About Group

This is a group for People interested in Photography. A place to ask and answer questions about cameras, equipment and techniques.

Show us some of your favorite shots!

  • Mars

    That was a super insightful show with Baron last night. Wicked cool photographer.

  • Mars

    I just wanted to make sure you have the direct promo links for tonight's Twisted South Show. If anyone wants to listen tonight photographer Baron Wolman will be joining the show, who for those of you don't know, one of his clients that he shot was Frank Zappa and The GTO's. Mercy GTO is also going to be calling the show tonight.

    If anyone wants to join in tonight or has questions for Baron please feel free to join us! The call in number is 917.388.4498 and the show is on from 8-10PM CST.

    Frank Zappa 68172 09



    Here is the promo stuff for the show tonight!

    Baron Wolman is an American photographer best known for his work in the late 1960s for the music magazine Rolling Stone, becoming the magazine's first editor of photography from 1967 to 1970.Baron Wolman not only witnessed what is without a doubt the most important period of change in popular music and popular culture, but his photographs helped shape it. Rolling Stone magazine encapsulated and distilled the most important events and changes as they were taking place. Each issue would speak to this evolving youth culture in a language that was all its own and Baron’s photos captured the events and personalities, and visualized the music.

    Fueled by the music and the times, a 21-year-old journalist named Jann Wenner gathered some friends and began a revolution in ink. Named Rolling Stone, this newsprint rag captured the era, defined it in print and pictures, and helped form a generation. Among the friends that Wenner interested in his project was Wolman, then a 30-year-old freelance photojournalist..Wenner invited Wolman to shoot for the burgeoning Rolling Stone, Wolman agreed to work for free, and when the first issue hit the streets five months later, rock history began to be recorded.During his fast-paced tenure, Wolman's lens captured the royalty of the '60s pop and rock explosion: Janis Joplin, the Rolling Stones, Frank Zappa, the Who, Jimi Hendrix, Joan Baez, Iggy Pop, Pink Floyd, Bob Dylan, the Grateful Dead, Phil Spector, Jim Morrison, Ike & Tina Turner, Tim Leary, and a motley cast of hangers-on.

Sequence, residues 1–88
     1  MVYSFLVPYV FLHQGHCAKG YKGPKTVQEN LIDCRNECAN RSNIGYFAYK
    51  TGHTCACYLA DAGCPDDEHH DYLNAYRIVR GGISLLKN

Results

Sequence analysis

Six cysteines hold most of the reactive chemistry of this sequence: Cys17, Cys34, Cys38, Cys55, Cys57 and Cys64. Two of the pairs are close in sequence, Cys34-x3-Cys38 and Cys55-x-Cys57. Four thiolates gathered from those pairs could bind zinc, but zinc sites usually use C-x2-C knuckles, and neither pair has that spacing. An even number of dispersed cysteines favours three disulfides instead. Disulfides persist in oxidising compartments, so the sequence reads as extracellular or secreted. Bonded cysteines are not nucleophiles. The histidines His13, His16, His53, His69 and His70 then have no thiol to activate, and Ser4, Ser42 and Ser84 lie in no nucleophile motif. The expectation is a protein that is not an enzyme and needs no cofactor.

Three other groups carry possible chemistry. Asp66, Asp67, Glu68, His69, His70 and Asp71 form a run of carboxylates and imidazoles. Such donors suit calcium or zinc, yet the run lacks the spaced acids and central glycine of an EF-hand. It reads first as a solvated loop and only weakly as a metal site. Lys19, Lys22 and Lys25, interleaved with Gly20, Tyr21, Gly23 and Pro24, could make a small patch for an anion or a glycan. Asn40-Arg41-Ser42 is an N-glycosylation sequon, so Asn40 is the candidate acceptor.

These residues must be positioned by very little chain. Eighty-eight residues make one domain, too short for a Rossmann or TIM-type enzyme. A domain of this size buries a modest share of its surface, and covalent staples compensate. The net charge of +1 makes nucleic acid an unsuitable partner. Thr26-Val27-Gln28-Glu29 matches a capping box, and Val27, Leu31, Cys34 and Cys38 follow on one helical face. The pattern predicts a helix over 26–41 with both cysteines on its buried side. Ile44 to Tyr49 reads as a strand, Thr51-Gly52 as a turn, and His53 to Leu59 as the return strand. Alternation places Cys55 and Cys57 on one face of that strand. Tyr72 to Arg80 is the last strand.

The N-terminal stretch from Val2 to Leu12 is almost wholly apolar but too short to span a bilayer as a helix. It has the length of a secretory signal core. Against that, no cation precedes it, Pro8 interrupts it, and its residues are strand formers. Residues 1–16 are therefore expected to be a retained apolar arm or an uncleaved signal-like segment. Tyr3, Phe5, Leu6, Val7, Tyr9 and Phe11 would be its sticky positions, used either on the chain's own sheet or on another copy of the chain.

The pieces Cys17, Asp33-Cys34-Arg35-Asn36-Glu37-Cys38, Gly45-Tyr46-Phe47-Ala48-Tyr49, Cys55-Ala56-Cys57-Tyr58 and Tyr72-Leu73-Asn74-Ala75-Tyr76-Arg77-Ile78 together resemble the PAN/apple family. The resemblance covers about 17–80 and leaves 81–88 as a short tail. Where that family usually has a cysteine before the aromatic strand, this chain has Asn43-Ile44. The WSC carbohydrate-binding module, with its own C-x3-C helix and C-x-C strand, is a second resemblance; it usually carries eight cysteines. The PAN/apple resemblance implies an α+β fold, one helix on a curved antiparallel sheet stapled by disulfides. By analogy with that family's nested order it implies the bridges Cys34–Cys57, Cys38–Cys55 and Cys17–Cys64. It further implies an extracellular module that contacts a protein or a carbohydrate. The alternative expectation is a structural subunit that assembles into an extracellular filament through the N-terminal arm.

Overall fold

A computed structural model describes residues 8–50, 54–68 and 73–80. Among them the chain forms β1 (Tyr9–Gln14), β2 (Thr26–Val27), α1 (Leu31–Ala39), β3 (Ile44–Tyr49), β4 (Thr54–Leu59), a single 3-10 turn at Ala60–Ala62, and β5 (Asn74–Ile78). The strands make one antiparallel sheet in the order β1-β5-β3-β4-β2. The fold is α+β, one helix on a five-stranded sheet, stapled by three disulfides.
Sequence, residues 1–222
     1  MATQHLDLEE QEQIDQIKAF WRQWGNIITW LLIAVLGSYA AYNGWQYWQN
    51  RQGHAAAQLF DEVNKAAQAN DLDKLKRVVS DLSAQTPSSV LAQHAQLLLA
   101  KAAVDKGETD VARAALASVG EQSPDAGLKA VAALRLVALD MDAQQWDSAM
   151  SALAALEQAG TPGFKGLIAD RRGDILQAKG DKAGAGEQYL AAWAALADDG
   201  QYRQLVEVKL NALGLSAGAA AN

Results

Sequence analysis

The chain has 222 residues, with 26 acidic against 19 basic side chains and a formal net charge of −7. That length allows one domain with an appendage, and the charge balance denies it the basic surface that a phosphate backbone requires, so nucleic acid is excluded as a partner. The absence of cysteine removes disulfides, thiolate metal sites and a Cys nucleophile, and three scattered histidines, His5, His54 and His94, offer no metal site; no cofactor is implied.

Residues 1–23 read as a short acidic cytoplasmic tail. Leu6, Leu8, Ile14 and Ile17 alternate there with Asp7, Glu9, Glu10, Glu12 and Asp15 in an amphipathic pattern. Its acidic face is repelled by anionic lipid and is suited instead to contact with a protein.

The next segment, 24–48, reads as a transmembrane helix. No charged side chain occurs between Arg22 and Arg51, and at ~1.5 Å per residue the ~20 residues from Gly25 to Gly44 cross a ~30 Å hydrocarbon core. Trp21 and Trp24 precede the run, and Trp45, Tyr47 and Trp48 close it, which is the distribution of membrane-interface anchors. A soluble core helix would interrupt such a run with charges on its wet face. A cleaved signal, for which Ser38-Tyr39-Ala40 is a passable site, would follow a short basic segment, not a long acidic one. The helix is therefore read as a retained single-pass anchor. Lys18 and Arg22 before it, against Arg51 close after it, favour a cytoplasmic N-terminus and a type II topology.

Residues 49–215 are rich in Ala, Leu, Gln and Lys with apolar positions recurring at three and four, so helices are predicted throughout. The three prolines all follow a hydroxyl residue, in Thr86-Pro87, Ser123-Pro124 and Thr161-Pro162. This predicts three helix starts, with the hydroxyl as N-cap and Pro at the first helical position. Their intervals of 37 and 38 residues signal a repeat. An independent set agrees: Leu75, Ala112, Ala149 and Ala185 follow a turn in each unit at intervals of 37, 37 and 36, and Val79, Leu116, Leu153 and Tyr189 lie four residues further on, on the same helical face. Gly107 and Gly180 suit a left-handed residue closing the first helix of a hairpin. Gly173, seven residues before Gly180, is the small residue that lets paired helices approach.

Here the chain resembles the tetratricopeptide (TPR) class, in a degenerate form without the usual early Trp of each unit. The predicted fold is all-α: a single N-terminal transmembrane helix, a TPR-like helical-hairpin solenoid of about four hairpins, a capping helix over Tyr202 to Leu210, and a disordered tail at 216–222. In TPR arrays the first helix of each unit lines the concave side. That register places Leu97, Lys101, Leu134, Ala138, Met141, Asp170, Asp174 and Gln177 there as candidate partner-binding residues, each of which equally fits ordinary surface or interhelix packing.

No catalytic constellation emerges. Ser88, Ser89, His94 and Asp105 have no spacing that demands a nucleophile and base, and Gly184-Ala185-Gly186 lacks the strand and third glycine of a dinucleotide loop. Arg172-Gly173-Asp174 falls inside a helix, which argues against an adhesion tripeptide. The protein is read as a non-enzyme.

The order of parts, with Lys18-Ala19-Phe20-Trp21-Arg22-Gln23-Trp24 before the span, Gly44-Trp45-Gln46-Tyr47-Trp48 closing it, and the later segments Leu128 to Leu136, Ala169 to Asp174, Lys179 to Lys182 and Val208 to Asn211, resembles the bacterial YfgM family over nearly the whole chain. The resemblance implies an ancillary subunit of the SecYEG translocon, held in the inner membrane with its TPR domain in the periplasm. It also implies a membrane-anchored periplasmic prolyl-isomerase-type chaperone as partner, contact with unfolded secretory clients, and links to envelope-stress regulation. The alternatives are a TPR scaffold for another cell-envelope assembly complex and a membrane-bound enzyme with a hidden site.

This is a LIVE call in show and we'd love to hear from you on the air and to see you in the chat room as well. You can call in to talk with Baron Wolman, host Mars and New Orleans native/co-host Harry Hoerner at 917.388.4498 OR you can click this link right here


  • L.o.u.i.s

    Hi folks, love photography, it's not so easy to succeed pro pics !! Would like to know about your gear, DSLR, Nikon, Canon, what lenses ? Did you test studio lightings ?

    Was learning some tips with Jared Polin http://froknowsphoto.com

  • Peter S.


    Some pictures taken this weekend in Gothenburg, would love to hear what you think.

  • thepoodlebites

    Thanks Peter S.. I forgot to mention the ISO settings.. good tip!

    The reason I like the aperture to be set at around f 3.5 or f 4 is the depth of field is a touch greater and with the higher ISO settings good results can be obtained..

    Bottom line if the lighting is bad there ain't a whole lot you can do without a flash...Which I hate at concerts..and most artist don't want you using a flash!

  • Peter S.

    Good tip. Another way to work with concertpictures. Work with high ISO and a lens who have at least 2,8. If the lightning is spars in a concert and the artist is moving around (as they usally do) it´s good to have a camera that can produce low noice picture at 1600 and 3200 ISO and you are half way there to great pictures.


  • DaveOC

    I see. So it will focus more on the backs of people's heads in 'auto', I get it. And yes it does have manual setting. I'll have to read my little book and do some testing. Thanks Poodle.

  • thepoodlebites

    @ DaveOC...Disagree...

    The problem with any camera in the auto setting will give you the best average shutter speed and aperture for that situation... usually the aperture wins in low lighting conditions and that creates a slow shutter speed which in turn gives you a blurred photo.

    If your camera has the ability to shoot manual set it to that and pic your shutter speed at about 125Th of a sec and the aperture should be at f 3.5 to f 4.

    This will stop the action enough and give you the most lighting available for the exposure.

    Concerts are tough but if the stage has good lighting you will get better results.

    Also if you can manually focus that will help because the camera will focus on the closet objects in the auto mode.

    Hope that helps.

  • DaveOC

    Img 1396

    I only have an old Canon Power Shot camera. I just set it to 'auto', point and click. Maybe I should use the fast shutter speed to avoid shots like this. Anyone agree? I'm new.

  • thepoodlebites

    @ Peter S... I especially liked your one shot in your Winter album....The Railroad. 


    Please feel free to post links here to your favorite shots or albums...